« How to become anorexic »
At 13 years old, I looked up on google: “How to become anorexic”. The rest is history. Somehow, after a heartbreak, starving was the only thing that made sense to me. If I could not control what was happening in my life, at least, I could control my appetite. I loved making myself go hungry. To feel so empowered. To be able to rise above my human instincts. To feel somehow, that I was better than everyone else, because I would not indulge. Because I could eat very little and still do hours of ballet every day. To feel on top of the world for a moment. Until the moment became a little less rosy. I was in control, or so I thought… The truth is, it might look nice and feel nice at first, but there is nothing glamorous about an eating disorder. It quickly gives way to ugly and death like allure, eats away your attention, your precious time, and eventually your power. It begins to overpower you and you lose control. What started out as a fun diet turns out to be a two-week trip to the hospital with severe existential questions to answer and a sense of humiliation and defeat.
A rocky road
I didn’t really realize until much later that it was womanhood that scared me. Sexuality. By starving myself, I could stop time. I could stop the process of ripening. If only I could just stay 13 for a couple more years! Sometimes, when we aren’t ready to deal with traumatic events and difficult emotions, we develop defence mechanisms to slow down the process. That’s exactly what I did and it afforded me a couple years, until I was ready to face the immensity of what I had been avoiding. The truth is, the way I became a woman was much less like a beautiful flower’s bloom and more like a play of extremes. Perhaps that’s just how some of us grow, perfect with our imperfections. Everything is a lesson. And every lesson offers so much depth of character to gain, so much information to integrate, so much power to claim. “Why not use this to grow into something beautiful?” I thought. “Why not use this as an opportunity to KNOW MYSELF?” To ask: “Why is this happening to me?”, “Why am I doing this to myself?”, and “What is the universe trying to teach me?”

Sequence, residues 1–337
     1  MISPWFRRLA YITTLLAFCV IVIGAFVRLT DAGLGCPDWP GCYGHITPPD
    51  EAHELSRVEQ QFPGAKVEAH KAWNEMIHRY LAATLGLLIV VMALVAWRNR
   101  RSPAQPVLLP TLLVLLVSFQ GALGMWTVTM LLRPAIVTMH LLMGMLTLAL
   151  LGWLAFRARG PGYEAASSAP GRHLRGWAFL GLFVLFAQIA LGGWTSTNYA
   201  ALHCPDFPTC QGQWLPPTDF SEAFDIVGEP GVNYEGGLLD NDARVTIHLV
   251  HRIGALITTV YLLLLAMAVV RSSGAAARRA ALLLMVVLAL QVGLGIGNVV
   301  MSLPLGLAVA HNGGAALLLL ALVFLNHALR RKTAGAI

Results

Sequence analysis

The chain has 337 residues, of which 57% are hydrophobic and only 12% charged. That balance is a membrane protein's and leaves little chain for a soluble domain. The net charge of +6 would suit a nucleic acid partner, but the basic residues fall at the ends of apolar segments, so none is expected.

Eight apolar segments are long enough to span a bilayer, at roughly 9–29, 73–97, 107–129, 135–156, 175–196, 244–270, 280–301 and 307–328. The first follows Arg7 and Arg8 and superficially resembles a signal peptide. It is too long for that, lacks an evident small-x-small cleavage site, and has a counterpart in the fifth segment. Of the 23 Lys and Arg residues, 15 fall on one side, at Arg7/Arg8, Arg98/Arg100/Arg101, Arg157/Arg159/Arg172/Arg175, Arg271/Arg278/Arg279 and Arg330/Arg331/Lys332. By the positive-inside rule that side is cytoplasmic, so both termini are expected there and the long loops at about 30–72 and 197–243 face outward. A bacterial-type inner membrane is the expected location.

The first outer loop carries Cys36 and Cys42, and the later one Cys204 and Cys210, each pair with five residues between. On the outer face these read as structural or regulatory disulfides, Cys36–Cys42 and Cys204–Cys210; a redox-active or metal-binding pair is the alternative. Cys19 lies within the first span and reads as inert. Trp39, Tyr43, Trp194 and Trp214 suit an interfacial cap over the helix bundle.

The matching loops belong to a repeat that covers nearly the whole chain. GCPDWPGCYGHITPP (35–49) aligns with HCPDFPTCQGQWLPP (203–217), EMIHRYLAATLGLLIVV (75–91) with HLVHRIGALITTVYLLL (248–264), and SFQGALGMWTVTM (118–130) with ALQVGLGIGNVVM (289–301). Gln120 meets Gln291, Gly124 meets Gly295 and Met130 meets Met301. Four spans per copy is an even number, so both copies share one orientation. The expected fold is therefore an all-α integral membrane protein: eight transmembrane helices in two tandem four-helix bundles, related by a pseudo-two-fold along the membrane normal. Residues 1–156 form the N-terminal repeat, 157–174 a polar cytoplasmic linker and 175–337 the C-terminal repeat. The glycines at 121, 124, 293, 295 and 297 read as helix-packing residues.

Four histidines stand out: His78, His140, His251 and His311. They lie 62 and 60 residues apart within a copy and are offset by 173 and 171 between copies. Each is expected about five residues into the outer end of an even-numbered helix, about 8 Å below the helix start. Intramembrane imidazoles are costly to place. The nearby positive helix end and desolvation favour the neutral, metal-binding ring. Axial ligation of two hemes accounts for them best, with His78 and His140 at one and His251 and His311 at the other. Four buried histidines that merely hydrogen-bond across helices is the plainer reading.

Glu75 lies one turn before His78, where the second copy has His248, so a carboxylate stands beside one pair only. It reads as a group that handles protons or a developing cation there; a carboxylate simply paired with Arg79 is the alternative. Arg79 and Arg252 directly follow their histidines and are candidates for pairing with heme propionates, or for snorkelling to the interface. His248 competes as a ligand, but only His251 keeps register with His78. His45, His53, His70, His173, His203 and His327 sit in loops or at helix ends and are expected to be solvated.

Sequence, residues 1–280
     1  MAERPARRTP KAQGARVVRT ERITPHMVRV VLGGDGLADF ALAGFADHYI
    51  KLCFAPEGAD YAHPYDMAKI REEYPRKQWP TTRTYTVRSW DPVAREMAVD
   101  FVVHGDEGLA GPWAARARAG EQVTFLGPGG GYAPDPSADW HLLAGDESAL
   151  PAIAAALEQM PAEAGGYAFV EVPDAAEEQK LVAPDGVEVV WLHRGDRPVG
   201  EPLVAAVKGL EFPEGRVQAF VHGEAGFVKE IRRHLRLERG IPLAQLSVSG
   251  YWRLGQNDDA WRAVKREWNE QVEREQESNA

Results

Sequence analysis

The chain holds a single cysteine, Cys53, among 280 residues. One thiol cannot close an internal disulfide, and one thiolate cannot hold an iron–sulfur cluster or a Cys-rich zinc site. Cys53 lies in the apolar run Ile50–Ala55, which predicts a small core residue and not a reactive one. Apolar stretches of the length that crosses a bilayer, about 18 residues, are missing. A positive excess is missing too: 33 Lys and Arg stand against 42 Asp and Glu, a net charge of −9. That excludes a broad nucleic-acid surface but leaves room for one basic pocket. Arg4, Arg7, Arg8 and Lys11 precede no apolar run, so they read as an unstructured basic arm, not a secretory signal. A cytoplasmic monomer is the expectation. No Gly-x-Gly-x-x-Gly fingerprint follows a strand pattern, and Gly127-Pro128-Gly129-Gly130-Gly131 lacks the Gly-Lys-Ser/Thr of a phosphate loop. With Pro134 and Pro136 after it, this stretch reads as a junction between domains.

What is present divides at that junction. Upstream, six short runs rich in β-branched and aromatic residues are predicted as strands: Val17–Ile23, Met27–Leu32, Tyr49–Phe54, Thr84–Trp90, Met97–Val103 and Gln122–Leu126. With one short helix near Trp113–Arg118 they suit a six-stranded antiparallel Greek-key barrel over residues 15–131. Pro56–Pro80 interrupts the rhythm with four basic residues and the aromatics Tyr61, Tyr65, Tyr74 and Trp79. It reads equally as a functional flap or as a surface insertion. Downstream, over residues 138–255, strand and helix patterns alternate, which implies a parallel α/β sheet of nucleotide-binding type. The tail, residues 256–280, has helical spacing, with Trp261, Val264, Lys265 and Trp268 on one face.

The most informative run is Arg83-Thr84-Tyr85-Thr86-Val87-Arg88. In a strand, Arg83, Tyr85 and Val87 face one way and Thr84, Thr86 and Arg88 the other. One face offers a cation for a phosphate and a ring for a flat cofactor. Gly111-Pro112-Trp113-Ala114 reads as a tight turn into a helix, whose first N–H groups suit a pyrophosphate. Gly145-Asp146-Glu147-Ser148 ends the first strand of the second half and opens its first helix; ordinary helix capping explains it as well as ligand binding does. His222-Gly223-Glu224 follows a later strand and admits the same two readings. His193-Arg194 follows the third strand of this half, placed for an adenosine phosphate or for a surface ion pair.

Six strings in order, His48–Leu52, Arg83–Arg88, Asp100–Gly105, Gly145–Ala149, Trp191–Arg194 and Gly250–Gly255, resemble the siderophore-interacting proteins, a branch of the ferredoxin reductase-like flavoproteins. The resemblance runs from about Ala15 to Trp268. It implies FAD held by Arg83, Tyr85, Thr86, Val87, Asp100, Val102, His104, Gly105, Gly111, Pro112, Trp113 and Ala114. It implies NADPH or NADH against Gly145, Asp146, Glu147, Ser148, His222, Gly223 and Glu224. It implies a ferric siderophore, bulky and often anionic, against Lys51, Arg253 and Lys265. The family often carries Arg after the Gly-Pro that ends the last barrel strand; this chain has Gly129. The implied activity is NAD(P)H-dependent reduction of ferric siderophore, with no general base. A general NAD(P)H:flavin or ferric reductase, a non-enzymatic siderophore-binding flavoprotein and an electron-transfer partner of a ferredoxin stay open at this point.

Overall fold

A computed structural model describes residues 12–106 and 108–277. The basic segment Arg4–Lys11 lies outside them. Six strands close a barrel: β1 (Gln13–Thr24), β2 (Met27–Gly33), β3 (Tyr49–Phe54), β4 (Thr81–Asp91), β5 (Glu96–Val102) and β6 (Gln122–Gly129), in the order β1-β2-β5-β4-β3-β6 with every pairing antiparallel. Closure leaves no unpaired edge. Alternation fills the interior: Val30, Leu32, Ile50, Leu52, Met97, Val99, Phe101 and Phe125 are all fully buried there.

Open up to love again
Someone once told me I would suffer from this condition for the rest of my life. But that is a discourse based on fear. To all the young women and men suffering from eating disorders out there, I say to you that it is possible to recover from an eating disorder. Totally. You don’t have to spend your life counting calories, obsessing over food, over exercising or being in a state of depression. You CAN live again. With joy. With delight. With health. With passion. It wasn’t until I reached my first “rock bottom” that I realized something had to change. I lay as if on a cloud, out of space and time, wondering what might be carrying me still if I no longer had the strength to carry myself. For me, it was God’s hand. At that moment, I made the choice to heal. Not because I had been endowed with superhuman willpower, but just because… it was time. My karma had been lived out, and I was blessed with a choice: to heal. I took it. I chose to start eating again, to start living again, and eventually to start opening up to love again. To feel again. You have to have the courage to take that choice when it presents itself. A leap of faith, they call it. It is in our nature to heal, when we are ripe for change, and it is possible to recover totally, and open the doors of our heart again to love life, and live fully. Today, I hold no shame nor any regrets when I think of the anorexia. It is just a story. I lived it out, completely, until the end.
Live totally. Without fear. And love with reckless abandon.